After the heat of the ENDSARS protest, Nigerians woke up on June 5, 2021, to the worrying news that the government officially banned Twitter. This was the country’s first real encounter with an internet clampdown since the controversial bill seeking to regulate social media. The ban was lifted on January 13, 2022, after six months, and Twitter operates freely in Nigeria today. 

But a similar event is currently happening in another African country.

Senegal Is Going Through an Internet Ban. Here’s What You Need to Know

What’s this internet ban in Senegal about?

There’s been a temporary suspension of internet services in Senegal since June 1 due to recent civil unrest and protests in the country. 

The internet ban was part of the government’s effort to maintain stability and security following the unrest that broke out after the sentencing of leading opposition figure, Ousmane Sonko. Sonko was handed a two-year sentence for “corrupting the youth” after getting acquitted on charges of the rape of a masseuse. His supporters, however, protested the sentence while suggesting it was a ploy to prevent him from contesting in the presidential elections scheduled for February 2024.

At the moment, citizens have restricted access to social media platforms like Facebook, WhatsApp, Twitter and Instagram.

How does this affect the people of Senegal?

As of 2023, Senegal is home to an estimated 14.7 million internet users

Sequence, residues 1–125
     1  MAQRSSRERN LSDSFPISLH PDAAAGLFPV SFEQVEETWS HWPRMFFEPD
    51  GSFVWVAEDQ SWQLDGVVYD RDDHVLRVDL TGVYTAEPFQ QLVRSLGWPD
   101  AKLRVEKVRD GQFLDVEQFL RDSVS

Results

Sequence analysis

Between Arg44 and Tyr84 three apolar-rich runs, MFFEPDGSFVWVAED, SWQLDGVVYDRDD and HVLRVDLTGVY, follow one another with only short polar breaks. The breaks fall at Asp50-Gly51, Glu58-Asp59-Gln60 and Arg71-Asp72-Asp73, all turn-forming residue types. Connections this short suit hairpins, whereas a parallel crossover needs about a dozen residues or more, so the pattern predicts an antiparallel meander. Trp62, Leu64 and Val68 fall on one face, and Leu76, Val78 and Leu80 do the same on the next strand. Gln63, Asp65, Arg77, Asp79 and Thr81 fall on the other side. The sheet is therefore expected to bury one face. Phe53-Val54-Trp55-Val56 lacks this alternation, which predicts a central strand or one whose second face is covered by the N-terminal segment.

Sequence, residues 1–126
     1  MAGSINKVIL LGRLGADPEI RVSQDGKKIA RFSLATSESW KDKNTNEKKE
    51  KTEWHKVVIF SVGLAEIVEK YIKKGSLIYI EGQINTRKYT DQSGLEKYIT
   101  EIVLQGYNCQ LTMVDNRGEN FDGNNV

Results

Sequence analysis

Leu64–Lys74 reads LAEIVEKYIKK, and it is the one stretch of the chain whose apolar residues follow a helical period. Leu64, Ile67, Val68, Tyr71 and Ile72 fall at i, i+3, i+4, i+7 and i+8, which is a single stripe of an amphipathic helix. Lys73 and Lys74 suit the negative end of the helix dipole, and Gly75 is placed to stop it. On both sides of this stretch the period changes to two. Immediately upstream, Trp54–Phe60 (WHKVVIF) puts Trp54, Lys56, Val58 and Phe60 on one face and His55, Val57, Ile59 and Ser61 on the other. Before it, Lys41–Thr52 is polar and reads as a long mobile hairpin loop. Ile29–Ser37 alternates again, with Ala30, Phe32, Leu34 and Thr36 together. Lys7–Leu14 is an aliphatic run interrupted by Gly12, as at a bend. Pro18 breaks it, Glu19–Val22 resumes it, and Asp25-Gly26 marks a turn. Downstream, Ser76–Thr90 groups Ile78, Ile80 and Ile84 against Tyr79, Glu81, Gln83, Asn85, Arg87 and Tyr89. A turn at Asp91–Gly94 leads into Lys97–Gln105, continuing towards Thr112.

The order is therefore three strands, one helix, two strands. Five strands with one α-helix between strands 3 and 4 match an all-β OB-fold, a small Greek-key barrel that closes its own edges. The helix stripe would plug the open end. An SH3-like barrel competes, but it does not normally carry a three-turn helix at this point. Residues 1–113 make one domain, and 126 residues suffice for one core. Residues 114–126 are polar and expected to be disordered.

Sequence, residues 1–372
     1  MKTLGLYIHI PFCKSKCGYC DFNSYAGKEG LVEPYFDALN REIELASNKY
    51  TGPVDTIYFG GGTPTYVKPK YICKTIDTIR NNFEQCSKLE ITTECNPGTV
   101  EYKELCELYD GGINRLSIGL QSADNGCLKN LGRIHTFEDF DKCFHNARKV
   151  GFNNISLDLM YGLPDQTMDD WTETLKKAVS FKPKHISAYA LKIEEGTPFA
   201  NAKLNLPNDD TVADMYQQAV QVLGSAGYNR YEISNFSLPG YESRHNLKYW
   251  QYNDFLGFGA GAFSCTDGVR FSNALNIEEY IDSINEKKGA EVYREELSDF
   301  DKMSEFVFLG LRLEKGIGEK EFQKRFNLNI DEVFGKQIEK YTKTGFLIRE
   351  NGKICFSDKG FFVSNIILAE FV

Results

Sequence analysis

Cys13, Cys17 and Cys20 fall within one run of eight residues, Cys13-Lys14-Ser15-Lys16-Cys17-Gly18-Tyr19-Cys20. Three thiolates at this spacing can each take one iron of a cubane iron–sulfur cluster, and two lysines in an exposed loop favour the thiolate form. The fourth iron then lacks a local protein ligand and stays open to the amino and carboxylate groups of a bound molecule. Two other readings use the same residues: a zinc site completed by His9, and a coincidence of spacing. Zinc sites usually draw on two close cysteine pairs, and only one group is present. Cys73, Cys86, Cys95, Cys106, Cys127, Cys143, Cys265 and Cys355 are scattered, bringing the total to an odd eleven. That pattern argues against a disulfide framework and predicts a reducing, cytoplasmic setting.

, representing an 80% penetration. Imagine waking up one day, and suddenly, can’t access your favourite social media platforms, websites, or even communicate easily. Lives and businesses have been affected by the internet ban. The internet ban costs the country over $300k every 60 minutes. 

Are citizens completely shut out?

At the moment, some citizens have managed to stay connected by using paid and free Virtual Private Networks (VPN) services.

Is an internet ban legal?

In some cases, the governments may enforce such restrictions temporarily. For instance, during Nigeria’s Twitter ban, information minister Lai Mohammed in a statement accused the platform of promoting “activities that are capable of undermining Nigeria’s corporate existence.” In such a case, it’s the government’s prerogative to take actions deemed appropriate to maintain stability and avoid chaos in the country. However, it’s essential to balance these actions with the rights to free speech, access to information, and digital freedom.

What can we do to support those affected by the internet ban in Senegal?

At this moment, it’s important to show solidarity with the people of Senegal by staying informed and spreading awareness about the situation. Senegalese citizens in the diaspora and citizens of other African countries can be involved by amplifying the situation on social media and drawing the attention of the global community. #FreeSenegal is a trending hashtag.

Has the internet ban been lifted in Senegal?

At the time of reporting, the internet ban is still in effect. Zikoko reached out to Camir, a 31-year-old Senegalese resident of the Kuer Massar area and he had this to say.

“Everything is calm at the moment, but the internet hasn’t been fully restored. We still need VPN to access social media, including WhatsApp.”



Zikoko amplifies African youth culture by curating and creating smart and joyful content for young Africans and the world.